Symptoms of Parkinson’s disease

The symptoms of Parkinson’s disease differ from one individual to the other, which leads to different treatment responses. Parkinson’s symptoms are divided into three major categories that include: motor symptoms that affect physical movement, neuropsychiatric symptoms that affect the patient’s mood, behaviour and thinking capability and lastly the autonomic nervous system symptoms. Motor symptoms include tremors, which is defined as uncontrollable shaking. These tremors may begin in the limbs, that is one hand or arm and later spreads to the leg. This symptom can be noticed when the patient is at rest or when nervous, exhausted and stressed.

Bradykinesia is also a motor symptom that is defined as slowness of movement. This affects the legs making the patient walk in small steps, and in severe cases, a patient may become immobile. It can also lead to loss of normal facial expressions, less eye blinking and reduced motor coordination. Rigidity also occurs. The arm as well as leg muscles become stiff and may also experience tension. This leads to lack of muscle relaxation and tightness even at rest. This symptom is experienced in two forms: the lead pipe rigidity which affects the entire joint movement and the cog-wheel rigidity which affects various parts.

Other motor symptoms include: postural instability and dystonia. The other major symptom is the neuropsychiatric symptom that involves depression, sleep disturbances, mild cognitive impairment and dementia. Depression arises due to reduced dopamine which affects mood. Insomnia may arise due to brain changes, irregular movements while sleeping and side effects from the medications used during treatment.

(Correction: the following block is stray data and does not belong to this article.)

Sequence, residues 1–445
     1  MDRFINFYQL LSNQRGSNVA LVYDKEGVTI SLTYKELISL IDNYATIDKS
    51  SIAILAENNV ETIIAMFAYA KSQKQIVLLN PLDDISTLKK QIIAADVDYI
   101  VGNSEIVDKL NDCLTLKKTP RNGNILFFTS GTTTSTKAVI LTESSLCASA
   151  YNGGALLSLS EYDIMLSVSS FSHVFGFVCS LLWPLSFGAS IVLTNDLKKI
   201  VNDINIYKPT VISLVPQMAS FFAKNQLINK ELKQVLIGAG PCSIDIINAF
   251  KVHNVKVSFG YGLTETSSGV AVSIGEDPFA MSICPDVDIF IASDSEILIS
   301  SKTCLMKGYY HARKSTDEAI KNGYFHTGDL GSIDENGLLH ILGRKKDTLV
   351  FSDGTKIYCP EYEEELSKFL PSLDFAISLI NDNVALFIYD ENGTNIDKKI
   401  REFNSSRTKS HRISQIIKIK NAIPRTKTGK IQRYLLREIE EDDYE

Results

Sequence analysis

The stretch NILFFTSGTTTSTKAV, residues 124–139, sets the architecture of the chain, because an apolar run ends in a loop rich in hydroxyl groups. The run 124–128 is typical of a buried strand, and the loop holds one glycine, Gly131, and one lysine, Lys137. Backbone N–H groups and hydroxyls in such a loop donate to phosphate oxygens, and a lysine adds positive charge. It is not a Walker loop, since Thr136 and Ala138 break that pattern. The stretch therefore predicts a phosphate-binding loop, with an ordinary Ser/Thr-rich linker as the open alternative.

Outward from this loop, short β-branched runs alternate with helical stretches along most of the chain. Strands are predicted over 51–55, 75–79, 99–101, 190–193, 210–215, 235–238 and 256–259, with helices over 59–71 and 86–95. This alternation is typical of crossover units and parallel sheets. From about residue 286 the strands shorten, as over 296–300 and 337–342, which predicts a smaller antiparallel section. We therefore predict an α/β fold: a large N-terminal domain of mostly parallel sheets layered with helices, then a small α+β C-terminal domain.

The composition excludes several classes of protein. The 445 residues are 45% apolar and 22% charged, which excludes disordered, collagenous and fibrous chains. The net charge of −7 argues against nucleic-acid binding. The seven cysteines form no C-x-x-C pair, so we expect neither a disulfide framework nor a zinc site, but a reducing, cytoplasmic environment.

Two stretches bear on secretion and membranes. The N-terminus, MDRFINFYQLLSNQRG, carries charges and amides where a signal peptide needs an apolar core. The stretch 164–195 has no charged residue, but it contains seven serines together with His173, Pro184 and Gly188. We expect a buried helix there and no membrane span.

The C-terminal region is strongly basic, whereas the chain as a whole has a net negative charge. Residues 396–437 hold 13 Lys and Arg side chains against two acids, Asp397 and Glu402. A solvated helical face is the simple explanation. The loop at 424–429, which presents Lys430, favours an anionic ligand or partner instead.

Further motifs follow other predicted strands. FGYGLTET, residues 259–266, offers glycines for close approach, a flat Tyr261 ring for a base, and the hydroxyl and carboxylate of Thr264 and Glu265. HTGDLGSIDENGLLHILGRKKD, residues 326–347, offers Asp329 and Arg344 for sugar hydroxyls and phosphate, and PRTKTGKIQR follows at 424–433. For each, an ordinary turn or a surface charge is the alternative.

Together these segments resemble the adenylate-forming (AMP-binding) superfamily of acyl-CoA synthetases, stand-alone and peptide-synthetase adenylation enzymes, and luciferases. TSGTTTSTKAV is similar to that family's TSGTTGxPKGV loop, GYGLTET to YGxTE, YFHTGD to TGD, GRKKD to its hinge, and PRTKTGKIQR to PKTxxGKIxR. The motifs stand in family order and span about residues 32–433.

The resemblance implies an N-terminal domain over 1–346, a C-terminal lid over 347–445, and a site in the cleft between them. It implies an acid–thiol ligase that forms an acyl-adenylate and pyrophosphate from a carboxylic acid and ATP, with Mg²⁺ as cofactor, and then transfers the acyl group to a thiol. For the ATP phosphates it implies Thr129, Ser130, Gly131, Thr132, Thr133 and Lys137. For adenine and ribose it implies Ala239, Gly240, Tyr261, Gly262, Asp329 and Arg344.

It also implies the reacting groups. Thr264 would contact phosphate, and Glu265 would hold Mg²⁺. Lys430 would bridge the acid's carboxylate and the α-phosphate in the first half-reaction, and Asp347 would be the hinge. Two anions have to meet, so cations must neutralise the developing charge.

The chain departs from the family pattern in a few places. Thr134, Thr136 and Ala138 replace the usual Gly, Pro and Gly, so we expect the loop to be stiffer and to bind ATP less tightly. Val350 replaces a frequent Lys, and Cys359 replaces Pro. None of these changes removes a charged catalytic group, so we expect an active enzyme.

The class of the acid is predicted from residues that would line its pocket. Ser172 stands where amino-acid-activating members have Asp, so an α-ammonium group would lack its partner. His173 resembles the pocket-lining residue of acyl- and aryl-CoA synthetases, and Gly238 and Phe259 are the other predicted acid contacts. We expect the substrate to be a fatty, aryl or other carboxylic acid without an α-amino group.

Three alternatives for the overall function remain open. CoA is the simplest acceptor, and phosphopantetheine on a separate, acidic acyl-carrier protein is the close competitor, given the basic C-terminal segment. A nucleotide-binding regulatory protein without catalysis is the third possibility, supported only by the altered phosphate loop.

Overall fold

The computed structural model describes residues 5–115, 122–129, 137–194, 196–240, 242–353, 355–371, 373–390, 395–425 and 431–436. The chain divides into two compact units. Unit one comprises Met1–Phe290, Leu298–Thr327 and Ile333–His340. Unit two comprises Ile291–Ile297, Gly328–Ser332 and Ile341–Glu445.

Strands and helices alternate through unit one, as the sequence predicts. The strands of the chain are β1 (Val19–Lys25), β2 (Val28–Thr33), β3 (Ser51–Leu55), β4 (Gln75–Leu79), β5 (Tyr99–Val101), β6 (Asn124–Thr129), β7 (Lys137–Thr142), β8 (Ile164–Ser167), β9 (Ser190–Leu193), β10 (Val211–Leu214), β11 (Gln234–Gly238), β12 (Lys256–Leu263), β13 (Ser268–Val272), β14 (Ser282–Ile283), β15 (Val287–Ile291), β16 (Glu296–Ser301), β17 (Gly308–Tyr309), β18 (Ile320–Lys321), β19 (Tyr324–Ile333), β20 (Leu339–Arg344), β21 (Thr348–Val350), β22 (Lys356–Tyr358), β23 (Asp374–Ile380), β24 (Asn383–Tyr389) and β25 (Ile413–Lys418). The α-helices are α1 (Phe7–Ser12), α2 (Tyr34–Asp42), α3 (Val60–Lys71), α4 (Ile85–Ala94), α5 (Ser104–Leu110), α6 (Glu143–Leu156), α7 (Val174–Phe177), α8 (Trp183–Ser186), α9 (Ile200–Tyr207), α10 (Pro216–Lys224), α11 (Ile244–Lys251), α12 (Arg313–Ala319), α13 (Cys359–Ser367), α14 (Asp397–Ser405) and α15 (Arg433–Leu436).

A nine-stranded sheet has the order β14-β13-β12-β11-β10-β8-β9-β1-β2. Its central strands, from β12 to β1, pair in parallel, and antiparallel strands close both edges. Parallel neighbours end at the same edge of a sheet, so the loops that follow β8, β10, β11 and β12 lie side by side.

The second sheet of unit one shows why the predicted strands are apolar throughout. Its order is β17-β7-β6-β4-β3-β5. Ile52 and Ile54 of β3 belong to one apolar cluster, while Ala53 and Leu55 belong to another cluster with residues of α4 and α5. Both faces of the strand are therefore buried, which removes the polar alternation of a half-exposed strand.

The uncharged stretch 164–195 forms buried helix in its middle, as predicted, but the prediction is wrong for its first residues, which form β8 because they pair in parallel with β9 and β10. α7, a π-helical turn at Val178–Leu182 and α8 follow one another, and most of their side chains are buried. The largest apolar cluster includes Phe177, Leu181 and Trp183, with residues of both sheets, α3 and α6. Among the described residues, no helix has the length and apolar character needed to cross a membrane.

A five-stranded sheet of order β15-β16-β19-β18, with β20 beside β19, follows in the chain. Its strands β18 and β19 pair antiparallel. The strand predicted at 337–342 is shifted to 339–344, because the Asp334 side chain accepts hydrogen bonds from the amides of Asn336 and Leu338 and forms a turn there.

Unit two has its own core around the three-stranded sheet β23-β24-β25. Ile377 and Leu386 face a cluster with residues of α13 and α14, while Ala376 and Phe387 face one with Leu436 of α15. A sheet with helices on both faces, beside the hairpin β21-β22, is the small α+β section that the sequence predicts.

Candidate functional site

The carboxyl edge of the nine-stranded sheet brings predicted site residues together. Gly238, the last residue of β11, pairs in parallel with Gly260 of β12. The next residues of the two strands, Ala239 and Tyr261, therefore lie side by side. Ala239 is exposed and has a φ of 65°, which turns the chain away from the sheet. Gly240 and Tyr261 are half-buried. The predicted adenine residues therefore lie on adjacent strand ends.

Anxiety arises when the patient does not respond to levodopa treatment. Mild cognitive impairment, which is the disruption of thinking, may lead to dementia. Dementia is characterised by memory problems, recognition difficulties, poor concentration, visual hallucination and delusions. The last major symptom is the autonomic dysfunction symptom that affects the nervous system which controls body functions. This causes urination problems, less libido in women, erectile dysfunction, excessive sweating and excessive drooling.

Causes of Parkinson’s disease

Causes of this condition are unknown. Hence, the disease is termed as idiopathic. Neverthless, one of the related causes involved in its development include age, that is elderly people are prone to obtain the disorder. Parkinson’s disease is termed as one of the leading nervous system disorders in people who are above fifty years. According to research in Australia, genetic factors as well as environmental factors cause Parkinson’s disease. Various genetic factors lead to the development of the condition during the disease’s early stages. Young individuals can also obtain the disease due to their genes.

Environmental factors may also trigger the disease in patients who are genetically predisposed. In a few instances, trauma to the brain has clearly caused Parkinson disease. In leading medical cases in Australia, head trauma has been severe enough to cause loss of consciousness, where brain scan images indicate localised damage in portions of the human brain that are known to be central to Parkinson’s disease. Convincing cases of post-traumatic Parkinson’s disease are quite rare. Retrospective studies suggest that there is some increased risk of developing Parkinson’s disease among Australians who have had mild head trauma.